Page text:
The assignment: For a story about how difficult it is for Black Chicagoans to secure vaccination appointments, I was assigned to shoot a portrait of Loraine Woods-Lewis, 72, who lives with her husband in the Chatham neighborhood. She hadn’t allowed anyone outside her family circle into her home for almost a year before I came to photograph her on Feb. 15.
When shooting a portrait, I have the flexibility to bring in lights and pose the subject. But for this one I wanted people to see Loraine in her home in a relaxed, natural moment. I was interested in showing the struggle of being locked in your home and the longing to return to normal life. Most people I photograph do their best to be hospitable and act like they’re not nervous. But being photographed can be stressful, especially during a pandemic, and the coronavirus has made being a photojournalist extremely challenging.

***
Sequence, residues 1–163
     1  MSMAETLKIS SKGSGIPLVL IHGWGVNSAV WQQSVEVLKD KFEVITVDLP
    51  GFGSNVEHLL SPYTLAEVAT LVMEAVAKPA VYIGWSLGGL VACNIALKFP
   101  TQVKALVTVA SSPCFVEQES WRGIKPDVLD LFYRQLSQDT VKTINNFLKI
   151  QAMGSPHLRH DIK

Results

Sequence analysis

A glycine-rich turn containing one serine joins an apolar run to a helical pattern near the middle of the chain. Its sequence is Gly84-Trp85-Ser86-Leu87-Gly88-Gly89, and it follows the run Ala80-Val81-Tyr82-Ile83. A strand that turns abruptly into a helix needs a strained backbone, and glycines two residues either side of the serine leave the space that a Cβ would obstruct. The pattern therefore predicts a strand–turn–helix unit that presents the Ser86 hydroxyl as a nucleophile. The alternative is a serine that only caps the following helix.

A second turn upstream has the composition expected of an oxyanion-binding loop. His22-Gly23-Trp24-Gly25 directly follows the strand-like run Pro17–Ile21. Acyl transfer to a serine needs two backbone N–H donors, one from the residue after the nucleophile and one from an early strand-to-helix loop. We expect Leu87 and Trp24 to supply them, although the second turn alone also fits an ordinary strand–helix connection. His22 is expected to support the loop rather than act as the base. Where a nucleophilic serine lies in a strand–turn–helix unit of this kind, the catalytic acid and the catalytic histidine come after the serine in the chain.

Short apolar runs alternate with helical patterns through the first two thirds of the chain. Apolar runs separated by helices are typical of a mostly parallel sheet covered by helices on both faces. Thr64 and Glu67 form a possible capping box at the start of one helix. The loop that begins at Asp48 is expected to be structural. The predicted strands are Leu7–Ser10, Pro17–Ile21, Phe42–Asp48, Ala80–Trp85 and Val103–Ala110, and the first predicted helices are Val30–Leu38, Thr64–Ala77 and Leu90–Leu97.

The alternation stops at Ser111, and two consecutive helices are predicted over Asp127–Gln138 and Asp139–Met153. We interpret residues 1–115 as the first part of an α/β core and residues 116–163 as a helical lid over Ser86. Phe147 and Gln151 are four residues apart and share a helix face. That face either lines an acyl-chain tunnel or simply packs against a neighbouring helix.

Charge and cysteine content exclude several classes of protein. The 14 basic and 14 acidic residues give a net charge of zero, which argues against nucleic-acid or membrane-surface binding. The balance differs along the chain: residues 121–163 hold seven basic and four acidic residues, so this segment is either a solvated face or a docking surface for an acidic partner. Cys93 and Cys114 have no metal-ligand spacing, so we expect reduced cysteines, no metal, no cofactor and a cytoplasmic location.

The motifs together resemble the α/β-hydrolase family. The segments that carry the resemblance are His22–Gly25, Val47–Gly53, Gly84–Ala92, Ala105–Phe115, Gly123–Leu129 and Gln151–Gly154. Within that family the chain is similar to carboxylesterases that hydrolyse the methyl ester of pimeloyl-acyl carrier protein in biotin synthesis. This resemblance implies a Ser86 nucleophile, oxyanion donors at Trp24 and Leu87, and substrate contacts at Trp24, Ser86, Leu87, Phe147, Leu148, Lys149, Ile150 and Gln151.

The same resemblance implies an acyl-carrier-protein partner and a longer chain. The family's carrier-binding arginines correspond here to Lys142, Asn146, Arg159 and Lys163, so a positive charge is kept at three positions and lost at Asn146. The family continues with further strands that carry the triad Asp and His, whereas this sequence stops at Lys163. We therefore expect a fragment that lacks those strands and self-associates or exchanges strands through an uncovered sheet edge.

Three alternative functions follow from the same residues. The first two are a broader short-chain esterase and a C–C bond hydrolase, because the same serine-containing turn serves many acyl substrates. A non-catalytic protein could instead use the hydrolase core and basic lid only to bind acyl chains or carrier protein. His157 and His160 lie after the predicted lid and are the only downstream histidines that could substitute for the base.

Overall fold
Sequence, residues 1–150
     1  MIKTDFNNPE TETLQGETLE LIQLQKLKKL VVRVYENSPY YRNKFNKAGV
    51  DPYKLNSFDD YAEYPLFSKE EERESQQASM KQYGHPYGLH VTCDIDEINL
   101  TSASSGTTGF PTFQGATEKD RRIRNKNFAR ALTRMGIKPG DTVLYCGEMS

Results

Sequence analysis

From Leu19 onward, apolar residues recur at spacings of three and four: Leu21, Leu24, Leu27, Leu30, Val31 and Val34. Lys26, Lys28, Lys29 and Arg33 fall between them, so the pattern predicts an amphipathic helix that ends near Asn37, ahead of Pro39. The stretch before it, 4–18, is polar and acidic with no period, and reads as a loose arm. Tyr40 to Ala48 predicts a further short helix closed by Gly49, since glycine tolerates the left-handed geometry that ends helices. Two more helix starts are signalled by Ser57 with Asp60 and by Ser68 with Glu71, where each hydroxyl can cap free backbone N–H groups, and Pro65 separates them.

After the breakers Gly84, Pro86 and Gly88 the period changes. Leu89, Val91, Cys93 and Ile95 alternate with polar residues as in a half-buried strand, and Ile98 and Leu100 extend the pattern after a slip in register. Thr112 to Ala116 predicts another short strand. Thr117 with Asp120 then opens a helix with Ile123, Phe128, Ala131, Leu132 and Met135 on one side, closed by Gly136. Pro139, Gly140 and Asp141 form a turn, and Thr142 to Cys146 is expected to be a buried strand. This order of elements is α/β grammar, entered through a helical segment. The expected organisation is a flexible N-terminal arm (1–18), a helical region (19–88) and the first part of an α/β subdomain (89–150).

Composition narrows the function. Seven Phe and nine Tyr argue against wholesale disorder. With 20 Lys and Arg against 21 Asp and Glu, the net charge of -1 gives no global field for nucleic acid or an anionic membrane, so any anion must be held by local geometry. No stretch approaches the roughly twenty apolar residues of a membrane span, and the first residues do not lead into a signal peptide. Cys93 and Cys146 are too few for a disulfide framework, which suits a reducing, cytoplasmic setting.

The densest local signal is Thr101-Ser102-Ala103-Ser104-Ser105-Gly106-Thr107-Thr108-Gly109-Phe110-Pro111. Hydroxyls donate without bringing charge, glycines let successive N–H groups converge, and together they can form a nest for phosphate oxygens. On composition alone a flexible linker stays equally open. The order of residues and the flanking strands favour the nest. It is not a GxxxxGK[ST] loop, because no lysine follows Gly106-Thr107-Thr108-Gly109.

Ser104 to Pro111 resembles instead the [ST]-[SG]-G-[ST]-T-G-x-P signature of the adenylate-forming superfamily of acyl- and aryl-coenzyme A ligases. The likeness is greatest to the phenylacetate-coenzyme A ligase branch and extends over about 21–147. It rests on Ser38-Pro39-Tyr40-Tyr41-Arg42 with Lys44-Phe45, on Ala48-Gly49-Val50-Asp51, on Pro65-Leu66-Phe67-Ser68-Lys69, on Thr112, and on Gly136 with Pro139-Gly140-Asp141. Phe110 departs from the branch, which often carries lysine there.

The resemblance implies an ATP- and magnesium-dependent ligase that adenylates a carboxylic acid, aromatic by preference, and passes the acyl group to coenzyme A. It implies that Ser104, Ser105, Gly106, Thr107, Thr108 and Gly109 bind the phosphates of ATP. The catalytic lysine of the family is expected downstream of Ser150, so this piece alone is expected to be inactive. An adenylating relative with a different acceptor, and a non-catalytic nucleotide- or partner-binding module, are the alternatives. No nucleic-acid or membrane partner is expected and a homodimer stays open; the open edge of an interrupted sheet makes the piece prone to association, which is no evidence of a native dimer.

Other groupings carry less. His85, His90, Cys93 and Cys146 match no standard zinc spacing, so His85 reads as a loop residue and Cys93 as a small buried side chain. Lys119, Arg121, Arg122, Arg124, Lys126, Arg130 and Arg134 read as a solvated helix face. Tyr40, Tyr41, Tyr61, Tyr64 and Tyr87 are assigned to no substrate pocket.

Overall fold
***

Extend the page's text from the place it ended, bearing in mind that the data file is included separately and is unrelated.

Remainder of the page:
On this day, like so many others, I made it a point to show up early before the assignment began and spent some time talking with Loraine. After chatting a bit, I casually started to shoot her just looking out her window while we were talking. The setup provided enough light and a compositional frame.
After more than 15 years of making photographs and thousands of assignments, I’m still surprised that people are so willing to open their homes, lives and experiences to me as a complete stranger. I never take that aspect of my job for granted. Creating trust and vulnerability is an important aspect of taking great photographs. You’re not going to make compelling images until the person you’re photographing lets down their guard.
Read the story: Black Chicagoans Struggle To Get Access To The COVID-19 Vaccine